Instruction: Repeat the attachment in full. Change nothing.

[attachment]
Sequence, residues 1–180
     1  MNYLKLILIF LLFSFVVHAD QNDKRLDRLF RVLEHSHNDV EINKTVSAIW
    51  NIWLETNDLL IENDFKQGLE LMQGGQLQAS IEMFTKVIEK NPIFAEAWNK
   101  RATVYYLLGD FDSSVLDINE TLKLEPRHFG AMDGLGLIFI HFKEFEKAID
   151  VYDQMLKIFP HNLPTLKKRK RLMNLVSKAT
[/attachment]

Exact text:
Sequence, residues 1–180
     1  MNYLKLILIF LLFSFVVHAD QNDKRLDRLF RVLEHSHNDV EINKTVSAIW
    51  NIWLETNDLL IENDFKQGLE LMQGGQLQAS IEMFTKVIEK NPIFAEAWNK
   101  RATVYYLLGD FDSSVLDINE TLKLEPRHFG AMDGLGLIFI HFKEFEKAID
   151  VYDQMLKIFP HNLPTLKKRK RLMNLVSKAT